Paris Suburbs Teacher: Third of Pupils Think Criticising Islam ‘Not Normal’, Question Value of Free Expression

A teacher speaks to pupils in a classroom in the College La Grange Aux Belles (College of La Grange Aux Belles) in Paris, on November 2, 2020. - Schoolchildren across France were to observe a minute of silence at 11:00 am (1000 GMT), as students returned to classes after the …
THOMAS SAMSON/AFP via Getty Images

In the aftermath of the Islamist murder of Samuel Paty, a teacher in the Paris no-go suburbs has claimed up to one-third of her pupils openly question freedom of expression and say it is “not normal” to criticise Islam.

The teacher said that after the 2015 Charlie Hebdo attacks there was a feeling of unity among the pupils. But after the recent murder of Samuel Paty, who was beheaded on the street last month after showing his class Mohammed cartoons published by the satirical magazine during a lesson of freedom of expression, the general attitude was much different.

“After the attack on Charlie Hebdo in January 2015, there was spontaneously a form of national unity. Of course, we heard phrases like: ‘They asked for it.’ We heard pupils say that, but it was very rare,” she told Ouest France.

Following the murder of Paty, who was killed by an Islamist Chechen refugee just outside of Paris, the teacher asked her class about the murder. She said a third of her pupils responded with remarks like, “It is not normal to criticise Islam,” and “it was better before when there was no freedom of expression.”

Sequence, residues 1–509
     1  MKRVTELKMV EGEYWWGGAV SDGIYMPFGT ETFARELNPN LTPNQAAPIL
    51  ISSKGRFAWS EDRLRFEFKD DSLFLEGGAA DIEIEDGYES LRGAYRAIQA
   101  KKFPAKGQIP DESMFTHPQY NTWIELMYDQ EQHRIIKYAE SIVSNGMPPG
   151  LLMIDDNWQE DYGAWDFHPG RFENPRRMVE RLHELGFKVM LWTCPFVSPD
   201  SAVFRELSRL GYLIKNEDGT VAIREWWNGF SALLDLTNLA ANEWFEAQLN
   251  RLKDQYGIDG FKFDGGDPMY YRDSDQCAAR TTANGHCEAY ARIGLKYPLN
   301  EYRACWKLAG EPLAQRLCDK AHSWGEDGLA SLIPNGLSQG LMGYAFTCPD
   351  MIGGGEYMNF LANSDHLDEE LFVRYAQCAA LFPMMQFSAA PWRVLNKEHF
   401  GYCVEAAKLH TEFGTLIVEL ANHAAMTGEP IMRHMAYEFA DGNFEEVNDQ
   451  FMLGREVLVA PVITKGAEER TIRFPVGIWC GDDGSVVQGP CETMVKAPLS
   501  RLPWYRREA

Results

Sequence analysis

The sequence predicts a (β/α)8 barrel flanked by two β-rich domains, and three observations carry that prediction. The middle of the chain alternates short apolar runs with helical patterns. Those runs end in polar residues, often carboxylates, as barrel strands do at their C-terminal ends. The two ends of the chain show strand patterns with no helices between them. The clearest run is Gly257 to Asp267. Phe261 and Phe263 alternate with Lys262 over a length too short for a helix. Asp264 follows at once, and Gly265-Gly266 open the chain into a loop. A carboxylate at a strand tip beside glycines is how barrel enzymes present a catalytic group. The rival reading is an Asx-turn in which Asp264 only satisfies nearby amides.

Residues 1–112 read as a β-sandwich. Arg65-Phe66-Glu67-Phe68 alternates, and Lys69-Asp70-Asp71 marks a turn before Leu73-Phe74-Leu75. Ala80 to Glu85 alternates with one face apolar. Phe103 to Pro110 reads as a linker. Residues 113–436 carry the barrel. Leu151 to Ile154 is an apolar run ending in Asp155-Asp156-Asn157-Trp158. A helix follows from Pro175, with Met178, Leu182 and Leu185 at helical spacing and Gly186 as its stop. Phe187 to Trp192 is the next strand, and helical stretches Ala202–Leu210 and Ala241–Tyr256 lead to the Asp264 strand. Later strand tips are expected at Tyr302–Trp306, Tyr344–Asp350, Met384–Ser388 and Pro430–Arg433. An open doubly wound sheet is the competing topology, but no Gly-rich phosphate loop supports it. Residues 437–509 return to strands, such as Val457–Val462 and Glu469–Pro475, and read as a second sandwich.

“At the end, I told them, to lighten the mood: ‘Reassure me, you’re not going to behead me?’ One pupil said: ‘Don’t worry. Not you’,” she said.

The teacher’s comments echo those expressed by a teacher in the Paris suburbs of Seine-Saint-Denis following the murder of Paty, who stated that his class had cheered at a video of Pakistanis burning French flags in response to the publication of the Mohammed cartoons.

“I thought it would make them think, but most of the pupils stood up and applauded,” the teacher said.

Just days after the attack, teachers in Morbihan received death threats explicitly referencing the beheading of Paty, demanding a 100 bitcoin (£987,033/$1,286,797) ransom to stop the teachers suffering the same fate.

A French judicial source later told media that death threats towards teachers and others had surged after the Paty murder, saying: “It’s exploding! There are many threats against public figures, the President of the Republic, the Prime Minister, several ministers, deputies, teachers.”

Follow Chris Tomlinson on Twitter at @TomlinsonCJ or email at ctomlinson(at)breitbart.com

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